So a couple years later Mary Shelley, Percy Shelley, Claire Clairmont, Lord Byron (with whom Claire was having an affair, although who wasn’t having an affair with Lord Byron), and Byron’s doctor were all hanging out in Geneva. And despite all the lakes and chocolate, Geneva was pretty boring, and also the weather was unrelentingly terrible so there was nothing to do all day except sit around reading creepy German ghost stories.

So naturally enough, a novel-writing contest ensued. It was basically like the most productive NaNoWriMo of all time. The doctor wrote a story that would later be a huge influence on Bram Stoker’s Dracula, and Mary Shelley wrote Frankenstein. She was still a teenager. It’s just not fair!

Anyway, in the introduction to the 1831 edition of the novel, Mary Shelley explained, “How I, then a young girl, came to think of, and to dilate upon, so very hideous an idea.” She wanted to write a story that would “speak to the mysterious fears of our nature, and awaken thrilling horror.”

The idea that art could awaken that horror and awe and connect us to the broader natural world was really key to the Romantics. But she couldn’t figure out how to turn ideas into like a plot until she stayed up late one night listening to Percy Shelley and Byron discuss new developments in electricity and the possibility of the dead being brought back to life.

That night she went to bed and had a terrible waking dream. She wrote, “I saw the pale student of unhallowed arts kneeling beside the thing he had put together. I saw the hideous phantasm of a man stretched out, and then, on the working of some powerful engine, show signs of life, and stir with an uneasy, half vital motion. Frightful must it be.” Uggh. it’s so creepy.

Anyway, that’s Mary Shelley’s story of the creation of Frankenstein. Let’s talk about now what she created, the upshot of which is: Don’t re-animate corpses. Alright, Let’s go to the Thought Bubble.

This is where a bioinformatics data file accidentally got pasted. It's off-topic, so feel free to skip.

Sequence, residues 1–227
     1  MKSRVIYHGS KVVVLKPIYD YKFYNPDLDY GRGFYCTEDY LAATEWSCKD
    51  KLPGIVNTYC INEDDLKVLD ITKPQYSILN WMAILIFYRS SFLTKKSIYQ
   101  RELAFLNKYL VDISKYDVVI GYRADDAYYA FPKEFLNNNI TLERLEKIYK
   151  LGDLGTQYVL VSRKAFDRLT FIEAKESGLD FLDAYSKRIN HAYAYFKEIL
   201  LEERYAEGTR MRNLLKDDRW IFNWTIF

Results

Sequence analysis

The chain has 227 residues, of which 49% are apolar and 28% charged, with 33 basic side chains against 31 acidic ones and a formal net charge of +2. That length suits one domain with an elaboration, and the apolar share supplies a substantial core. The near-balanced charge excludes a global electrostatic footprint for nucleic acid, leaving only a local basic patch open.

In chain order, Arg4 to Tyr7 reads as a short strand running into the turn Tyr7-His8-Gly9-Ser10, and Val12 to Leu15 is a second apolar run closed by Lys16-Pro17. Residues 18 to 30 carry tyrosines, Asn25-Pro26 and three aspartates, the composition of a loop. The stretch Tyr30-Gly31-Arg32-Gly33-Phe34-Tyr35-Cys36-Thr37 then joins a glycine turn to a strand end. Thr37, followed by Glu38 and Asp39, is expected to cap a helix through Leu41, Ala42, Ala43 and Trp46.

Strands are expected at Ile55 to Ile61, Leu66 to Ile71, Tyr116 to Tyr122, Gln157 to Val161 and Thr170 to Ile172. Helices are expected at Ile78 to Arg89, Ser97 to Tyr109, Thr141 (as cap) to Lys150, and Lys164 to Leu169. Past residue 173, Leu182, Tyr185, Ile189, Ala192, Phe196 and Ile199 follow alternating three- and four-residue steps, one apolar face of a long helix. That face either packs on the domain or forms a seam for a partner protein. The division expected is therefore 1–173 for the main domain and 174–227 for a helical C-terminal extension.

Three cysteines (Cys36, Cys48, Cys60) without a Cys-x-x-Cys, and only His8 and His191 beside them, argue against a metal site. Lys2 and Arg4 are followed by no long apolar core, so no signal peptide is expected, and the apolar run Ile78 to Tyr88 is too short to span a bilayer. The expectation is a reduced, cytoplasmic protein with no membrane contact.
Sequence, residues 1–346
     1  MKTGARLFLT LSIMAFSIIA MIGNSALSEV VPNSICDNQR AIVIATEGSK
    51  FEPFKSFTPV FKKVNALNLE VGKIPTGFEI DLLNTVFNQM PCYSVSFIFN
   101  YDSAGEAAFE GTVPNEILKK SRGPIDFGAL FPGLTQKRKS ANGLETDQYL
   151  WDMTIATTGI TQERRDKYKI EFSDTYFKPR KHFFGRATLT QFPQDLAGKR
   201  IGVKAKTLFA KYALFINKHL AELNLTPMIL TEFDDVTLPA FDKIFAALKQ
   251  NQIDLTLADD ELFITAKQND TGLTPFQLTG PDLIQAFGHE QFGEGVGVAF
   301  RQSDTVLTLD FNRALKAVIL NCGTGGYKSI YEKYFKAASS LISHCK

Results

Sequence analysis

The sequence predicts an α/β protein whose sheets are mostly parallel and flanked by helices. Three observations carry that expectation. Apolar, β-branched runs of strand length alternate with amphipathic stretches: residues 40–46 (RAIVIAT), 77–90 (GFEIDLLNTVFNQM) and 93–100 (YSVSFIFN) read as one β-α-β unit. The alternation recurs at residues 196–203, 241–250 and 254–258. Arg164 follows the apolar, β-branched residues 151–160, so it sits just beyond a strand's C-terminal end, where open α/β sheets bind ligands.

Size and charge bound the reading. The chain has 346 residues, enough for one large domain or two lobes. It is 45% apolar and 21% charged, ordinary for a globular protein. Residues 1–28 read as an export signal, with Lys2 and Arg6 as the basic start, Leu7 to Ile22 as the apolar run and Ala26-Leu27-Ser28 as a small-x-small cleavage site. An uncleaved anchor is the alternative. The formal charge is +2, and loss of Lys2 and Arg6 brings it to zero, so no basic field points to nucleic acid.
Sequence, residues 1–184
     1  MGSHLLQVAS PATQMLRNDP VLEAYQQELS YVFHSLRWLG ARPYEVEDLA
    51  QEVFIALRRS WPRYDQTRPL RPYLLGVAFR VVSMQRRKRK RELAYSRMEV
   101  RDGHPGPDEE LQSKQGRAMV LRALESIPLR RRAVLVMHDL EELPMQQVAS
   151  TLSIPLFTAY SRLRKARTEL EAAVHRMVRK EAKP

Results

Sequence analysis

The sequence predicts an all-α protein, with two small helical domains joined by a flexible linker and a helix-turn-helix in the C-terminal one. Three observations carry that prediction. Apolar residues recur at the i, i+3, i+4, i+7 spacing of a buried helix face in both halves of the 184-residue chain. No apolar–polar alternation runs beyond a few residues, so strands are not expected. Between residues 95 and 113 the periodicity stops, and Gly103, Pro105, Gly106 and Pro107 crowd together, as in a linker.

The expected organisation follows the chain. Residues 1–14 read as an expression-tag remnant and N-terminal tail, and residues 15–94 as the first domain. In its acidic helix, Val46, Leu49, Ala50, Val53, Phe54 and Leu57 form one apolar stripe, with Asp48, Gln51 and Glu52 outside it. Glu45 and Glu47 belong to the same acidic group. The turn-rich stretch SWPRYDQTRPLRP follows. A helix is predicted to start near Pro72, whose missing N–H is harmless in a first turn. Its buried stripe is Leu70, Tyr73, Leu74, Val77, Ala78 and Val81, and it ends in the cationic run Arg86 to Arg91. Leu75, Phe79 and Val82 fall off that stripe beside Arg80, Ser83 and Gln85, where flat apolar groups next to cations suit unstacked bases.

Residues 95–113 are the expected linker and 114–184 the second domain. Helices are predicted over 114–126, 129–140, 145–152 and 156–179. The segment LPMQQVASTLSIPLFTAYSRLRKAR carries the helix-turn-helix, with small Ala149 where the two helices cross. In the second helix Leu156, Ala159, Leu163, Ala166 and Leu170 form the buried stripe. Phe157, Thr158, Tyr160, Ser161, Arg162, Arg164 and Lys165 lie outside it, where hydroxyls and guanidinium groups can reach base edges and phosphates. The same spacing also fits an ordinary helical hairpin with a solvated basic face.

Thought Bubble - Plot Summary (5:29)

So the novel opens with with the aforementioned boring letters that Arctic explorer Walton sends to his sister in England. Walton is sailing toward the North Pole when he sees a man cruising by on a dog sled. The man is Victor Frankenstein.

Once upon a time, he was a nice Swiss boy with a couple of younger brothers, a dead mother, a best friend, and a cute cousin. But then he went to university and took organic chemistry and became obsessed with reanimating the dead which is why you should never go to college. Just kidding, go to college.

So eventually Victor figures out how to make dead flesh live and he assembles this huge creature out of dead bodies and farm animal parts , hooks up the juice, and animates it. Only he’s so horrified that he runs away and conveniently develops a bad case of brain fever.

Rejected by his creator, the monster wanders into the wilderness, where he seeks shelter and then eventually learns to read and write. The monster returns to Victor and he’s like “look I’ve done so much book learning” but that doesn’t convince Victor that the monster is not a monster.

So the monster becomes a real monster. He kills Victor’s youngest brother and then when Victor rejects the monster’s request for a mate, the monster kills Victor’s best friend and then his cousin- to whom Victor is getting married, because, you know, that’s what they did back then.

The creature flees to the Arctic and then Victor pursues him which is how he ends up on Walton’s ship where he dies. The creature, who they’ve found, is so distraught that he says he’s going to die too. And then Walton has to turn the ship around and never achieve his sublime goal, and everything’s terrible.

Because this is what happens when you major in Organic Chemistry like my brother, Hank, instead of something healthy and good like film or history or literature.

 Frankenstein and Prometheus (7:06)

Thanks, Thought Bubble. So Frankenstein is fundamentally a story about creation, about new and terrifying ways to bring light and life into the world. And in that sense, it’s loosely tied to two other creation stories, which Mary Shelley acknowledged in the text.

The first, is right there in its subtitle, “The Modern Prometheus,” which is taken of course from Greek mythology. Prometheus is a Titan, he’s best known for giving fire to Mankind - an idea that Zeus of course hated. I don’t know why Zeus thought we couldn’t be trusted with fire… come on, Stan, please stop having my head blow up.

Anyway, to punish Prometheus, Zeus has him chained to a rock and he has an eagle show up every day to peck out Prometheus’s liver, which then grows back every night, until Hercules stages the ultimate prison break.

Read one way, this myth is a cautionary tale. If you overreach yourself, if you share secret knowledge, you’re going to get you liver pecked out everyday, but that’s not how the Romantics read it. To them Prometheus was a hero. They saw Prometheus as a figure who never gives up even when faced with incredible suffering.